and six plates of sections. The area embraced covers Is an article on Antarctic botany, printed in the Scottish about fifty square miles, and consists of a complex series Geographical Magazine (September), Mr. R. N. R. Brown of basic rocks through which have been intruded a series discusses our present knowledge and future problems. of acidic dykes. The quartz veins, which are confined to Only two flowering plants have been collected in the the greenstones, are of various types, most of the gold Antarctic regions as compared with about 400 species from having been obtained from segregation veins of lenticular Arctic countries, but the lichens and algæ are better re- form. From the area described there have been produced presented, and fifty mosses have been recorded. Seeing i 403,787 ounces of gold, derived from the treatment of that the mean summer temperature never rises to 32° F., 348,967 tons of quartz. The deepest mine in Menzies, the the vegetation is richer than would be expected. Much Menzies Consolidated Gold Mine, has yielded 65,875 ounces still remains to be done in collecting, especially from the from 99,371 tons of quartz. The vein in this case is clearly Pacific and Indian sides, to obtain data that may throw of the true fissure type. light on the former configuration of land and water.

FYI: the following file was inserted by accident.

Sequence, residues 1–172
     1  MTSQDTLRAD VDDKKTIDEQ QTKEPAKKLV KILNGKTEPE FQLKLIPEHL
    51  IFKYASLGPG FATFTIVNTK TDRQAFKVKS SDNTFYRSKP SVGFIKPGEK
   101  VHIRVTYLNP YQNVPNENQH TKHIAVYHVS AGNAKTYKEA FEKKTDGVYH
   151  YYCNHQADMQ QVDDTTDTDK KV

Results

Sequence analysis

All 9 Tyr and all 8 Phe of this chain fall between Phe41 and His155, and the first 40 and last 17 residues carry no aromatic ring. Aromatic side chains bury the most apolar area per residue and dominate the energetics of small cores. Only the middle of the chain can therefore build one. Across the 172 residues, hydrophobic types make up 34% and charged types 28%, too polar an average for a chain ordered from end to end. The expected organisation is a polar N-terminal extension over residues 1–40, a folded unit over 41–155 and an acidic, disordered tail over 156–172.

The standardisation of error is a difficult problem to In the annual report for 1905-6 on the botanic station which the attention of the Engineering Standards Comand experimental plots in St. Kitts, the curator, Mr. F. R. mittee has been directed. Much has been written on the Shepherd, notes that a number of cacao and rubber plants | limits of error, but no attempt has hitherto been made to have been distributed, the latter being principally speci- deal with the subject in the exhaustive manner that it is mens of Castilloa elastica ; a first consignment of Hevea treated in reports No. 25 (London : Crosby Lockwood and plants was received during the year. The crops grown Son, price 1os. 6d. net) and No. 27 (price 25. 6d. net), issued on the experimental plots included sweet potatoes, cassava, by sectional committees of the Engineering Standards Com